Thursday’s warm-up matches at Melbourne Park were cancelled after the case was announced late on Wednesday, and those who underwent quarantine at the Grand Hyatt hotel were told to get tested and isolate until they had a result.
Victoria state Premier Dan Andrews said he thought the case was not a threat to the tournament, which is scheduled to start on Monday, and health officials said the testing was precautionary.
“We think the risk to other guests in the hotel - tennis players and their accompanying staff - is relatively low because they were in the room at the time as opposed to staff outside the room,” Professor Allen Cheng told reporters.
“The last person to leave, the last case to leave the health hotels, left on (Jan.) 22nd, so that is now getting close to 14 days since that time,” Cheng added. “So if there was any exposure, they would be coming up to that period. So we think that risk is relatively low, which is why we are testing them to be sure.”
Victoria endured one of the longest and toughest lockdowns in the world to contain the new coronavirus, and Wednesday’s case was the first to be locally acquired in the state for almost a month.
Andrews has made it clear that the safety of the community is paramount and said there were “no guarantees” the Australian Open would go ahead.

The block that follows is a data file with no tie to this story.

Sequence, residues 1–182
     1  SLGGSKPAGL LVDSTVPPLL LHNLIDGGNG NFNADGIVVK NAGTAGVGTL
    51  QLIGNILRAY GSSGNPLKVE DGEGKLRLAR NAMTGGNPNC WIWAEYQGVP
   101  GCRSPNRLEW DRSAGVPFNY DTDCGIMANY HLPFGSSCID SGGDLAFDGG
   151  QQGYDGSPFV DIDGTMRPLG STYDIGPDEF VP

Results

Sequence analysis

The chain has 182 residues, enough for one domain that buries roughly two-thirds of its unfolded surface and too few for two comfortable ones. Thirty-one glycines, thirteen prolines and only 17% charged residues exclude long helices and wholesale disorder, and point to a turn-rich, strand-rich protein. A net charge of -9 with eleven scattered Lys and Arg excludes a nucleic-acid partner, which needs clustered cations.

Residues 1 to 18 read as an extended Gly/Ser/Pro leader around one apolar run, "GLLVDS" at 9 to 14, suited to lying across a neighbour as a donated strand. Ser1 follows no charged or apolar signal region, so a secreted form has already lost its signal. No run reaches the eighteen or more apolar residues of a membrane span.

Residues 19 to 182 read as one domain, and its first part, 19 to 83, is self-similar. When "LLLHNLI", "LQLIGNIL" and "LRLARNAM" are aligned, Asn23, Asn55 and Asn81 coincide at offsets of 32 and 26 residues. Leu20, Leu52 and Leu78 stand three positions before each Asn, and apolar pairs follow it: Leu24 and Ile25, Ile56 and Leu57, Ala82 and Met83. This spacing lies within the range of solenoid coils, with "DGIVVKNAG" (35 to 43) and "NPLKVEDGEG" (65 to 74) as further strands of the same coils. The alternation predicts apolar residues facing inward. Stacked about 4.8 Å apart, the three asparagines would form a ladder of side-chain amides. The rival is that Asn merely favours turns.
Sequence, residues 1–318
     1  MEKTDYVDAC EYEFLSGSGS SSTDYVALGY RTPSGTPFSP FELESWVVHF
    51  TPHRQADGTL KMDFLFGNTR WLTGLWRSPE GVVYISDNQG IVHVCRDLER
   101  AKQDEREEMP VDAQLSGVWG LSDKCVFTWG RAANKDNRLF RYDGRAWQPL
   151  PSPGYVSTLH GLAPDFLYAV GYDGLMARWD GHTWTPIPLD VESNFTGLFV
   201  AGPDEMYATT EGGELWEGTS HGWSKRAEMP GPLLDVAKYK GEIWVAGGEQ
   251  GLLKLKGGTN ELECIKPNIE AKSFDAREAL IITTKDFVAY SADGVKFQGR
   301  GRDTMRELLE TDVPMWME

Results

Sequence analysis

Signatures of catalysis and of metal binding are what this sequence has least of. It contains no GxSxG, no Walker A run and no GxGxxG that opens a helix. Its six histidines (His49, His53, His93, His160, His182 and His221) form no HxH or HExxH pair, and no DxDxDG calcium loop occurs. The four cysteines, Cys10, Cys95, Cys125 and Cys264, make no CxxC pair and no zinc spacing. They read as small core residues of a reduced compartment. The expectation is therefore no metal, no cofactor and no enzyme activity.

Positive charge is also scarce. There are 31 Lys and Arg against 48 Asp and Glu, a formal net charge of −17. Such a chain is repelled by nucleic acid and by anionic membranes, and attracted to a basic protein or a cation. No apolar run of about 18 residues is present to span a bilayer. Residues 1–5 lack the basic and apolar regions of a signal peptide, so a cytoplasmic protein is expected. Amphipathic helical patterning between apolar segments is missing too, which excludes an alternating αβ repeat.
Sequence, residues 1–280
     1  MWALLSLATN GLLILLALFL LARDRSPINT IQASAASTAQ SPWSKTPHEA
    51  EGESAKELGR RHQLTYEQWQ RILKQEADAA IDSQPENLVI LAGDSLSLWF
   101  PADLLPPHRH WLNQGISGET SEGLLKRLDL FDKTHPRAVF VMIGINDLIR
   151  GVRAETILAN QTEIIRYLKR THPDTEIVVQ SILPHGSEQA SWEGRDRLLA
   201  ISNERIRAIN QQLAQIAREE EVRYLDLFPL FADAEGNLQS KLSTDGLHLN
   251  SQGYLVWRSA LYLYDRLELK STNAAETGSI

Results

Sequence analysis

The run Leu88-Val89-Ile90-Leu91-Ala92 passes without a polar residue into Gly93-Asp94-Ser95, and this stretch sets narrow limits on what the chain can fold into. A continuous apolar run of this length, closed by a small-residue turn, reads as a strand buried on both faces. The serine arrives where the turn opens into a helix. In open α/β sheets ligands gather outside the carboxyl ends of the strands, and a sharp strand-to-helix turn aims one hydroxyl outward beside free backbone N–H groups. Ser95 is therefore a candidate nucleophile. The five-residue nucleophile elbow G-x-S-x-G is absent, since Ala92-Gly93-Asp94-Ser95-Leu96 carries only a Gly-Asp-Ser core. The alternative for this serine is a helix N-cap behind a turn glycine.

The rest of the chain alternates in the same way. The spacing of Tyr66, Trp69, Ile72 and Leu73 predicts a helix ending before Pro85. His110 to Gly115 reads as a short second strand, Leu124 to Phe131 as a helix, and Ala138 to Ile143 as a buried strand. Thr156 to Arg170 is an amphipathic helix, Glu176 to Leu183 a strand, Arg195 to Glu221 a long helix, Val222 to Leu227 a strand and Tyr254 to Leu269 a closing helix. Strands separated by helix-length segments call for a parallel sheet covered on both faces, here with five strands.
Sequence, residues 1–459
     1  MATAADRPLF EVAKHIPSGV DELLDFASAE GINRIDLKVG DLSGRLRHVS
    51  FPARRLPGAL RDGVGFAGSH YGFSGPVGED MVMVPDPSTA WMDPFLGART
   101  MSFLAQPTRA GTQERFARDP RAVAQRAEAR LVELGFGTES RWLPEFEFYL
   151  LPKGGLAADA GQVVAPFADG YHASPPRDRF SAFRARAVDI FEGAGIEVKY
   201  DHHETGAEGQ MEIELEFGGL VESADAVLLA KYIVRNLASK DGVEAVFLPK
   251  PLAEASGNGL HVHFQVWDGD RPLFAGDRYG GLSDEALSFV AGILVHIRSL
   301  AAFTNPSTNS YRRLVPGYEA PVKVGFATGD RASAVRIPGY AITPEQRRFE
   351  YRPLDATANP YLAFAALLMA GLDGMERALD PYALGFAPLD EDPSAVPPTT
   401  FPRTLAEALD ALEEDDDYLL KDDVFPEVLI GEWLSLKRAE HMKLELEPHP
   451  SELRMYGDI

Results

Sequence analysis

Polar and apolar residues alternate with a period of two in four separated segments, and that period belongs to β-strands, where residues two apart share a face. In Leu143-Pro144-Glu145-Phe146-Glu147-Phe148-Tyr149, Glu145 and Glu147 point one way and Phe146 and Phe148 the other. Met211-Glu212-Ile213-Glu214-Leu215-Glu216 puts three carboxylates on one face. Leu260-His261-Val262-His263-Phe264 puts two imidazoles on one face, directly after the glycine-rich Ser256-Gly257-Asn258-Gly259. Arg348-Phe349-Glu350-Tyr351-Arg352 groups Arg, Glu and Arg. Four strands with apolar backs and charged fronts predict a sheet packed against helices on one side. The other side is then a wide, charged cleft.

“At this stage, the tennis shouldn’t be impacted by this,” he told reporters. “These things can change (but) this has been a textbook response to this.”
Michael O’Brien, the leader of the opposition in Victoria’s state parliament, called on the government to make a call by Saturday on whether the tournament would go ahead.
“We don’t want to see a situation as we did with the Grand Prix, where crowds were literally turning up, only to be turned away,” he told Melbourne’s Herald Sun newspaper. “I think people are entitled to know what’s happening, and the government should be making their minds up in the next 24 to 48 hours.”
The Australian Grand Prix, the traditional season opener of the Formula One championship, was cancelled because of the COVID-19 pandemic last March a few hours before the cars were due to take to the track at Melbourne’s Albert Park.
Tennis Australia spent millions of dollars to quarantine around 1,200 players, coaching staff and officials for 14 days in Melbourne from the middle of last month in order to get the Grand Slam tournament under way.
Most players were allowed five hours outside for training but 72 were confined to hotel rooms for the two weeks after passengers on the charter flights that brought them to Australia tested positive for the virus.
Most cleared quarantine last weekend and were involved in six events at Melbourne Park, including the ATP Cup, designed to offer them some match practice before the hardcourt Grand Slam.
Organisers, who have plenty of experience rescheduling matches because of rain, hot weather and bushfire smoke, said a schedule for Friday’s play would be released later Thursday.
The draw for the Australian Open is also scheduled to take place on Thursday evening. Reporting by Nick Mulvenney in Sydney; additional reporting by Swati Pandey, editing by Toby Davis and Gerry Doyle